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Not looking for a solution, just wonder what formula to use (and why?):

Given population A and population B, where:

standard deviation(A) = standard deviation(B) = $100$

If I select equal sample size N from A and B, how big does the sample size need to be to estimate the difference in population mean to within $10$ with 99% confidence?


My attempt:

If both of the population standard deviations are known, then the formula for a confidence interval for the difference between two population means (averages) is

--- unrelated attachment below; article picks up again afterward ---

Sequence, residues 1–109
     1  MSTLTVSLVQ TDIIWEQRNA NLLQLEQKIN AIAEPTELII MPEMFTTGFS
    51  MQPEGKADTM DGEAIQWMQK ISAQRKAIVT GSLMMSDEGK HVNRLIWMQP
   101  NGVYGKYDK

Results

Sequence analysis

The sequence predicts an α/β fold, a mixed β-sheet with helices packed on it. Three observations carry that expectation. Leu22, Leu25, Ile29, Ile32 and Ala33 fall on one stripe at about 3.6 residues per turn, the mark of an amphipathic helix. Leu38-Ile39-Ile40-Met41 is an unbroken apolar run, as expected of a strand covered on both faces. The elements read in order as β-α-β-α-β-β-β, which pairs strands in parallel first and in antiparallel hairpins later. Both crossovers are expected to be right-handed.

$\bar{x_1} - \bar{x_2} \pm z\sqrt{\frac{\sigma_1^2}{n_1} + \frac{\sigma_2^2}{n_2}}$

Where $\bar{x_1} - \bar{x_2}$ is the difference in the sample means. We know the sample sizes are the same:

$n_1 = n_2 = N$

And the z value for 99% confidence level is 2.58, so:

$\bar{x_1} - \bar{x_2} \pm 2.58\sqrt{\frac{100^2 +100^2}{N}}$

Is $\pm 2.58\sqrt{\frac{100^2 +100^2}{N}}$ the margin of error? Then solving:

$10 = \pm 2.58\sqrt{\frac{100^2 +100^2}{N}}$ yields $N = 1331.28$. Am I on the right track here?

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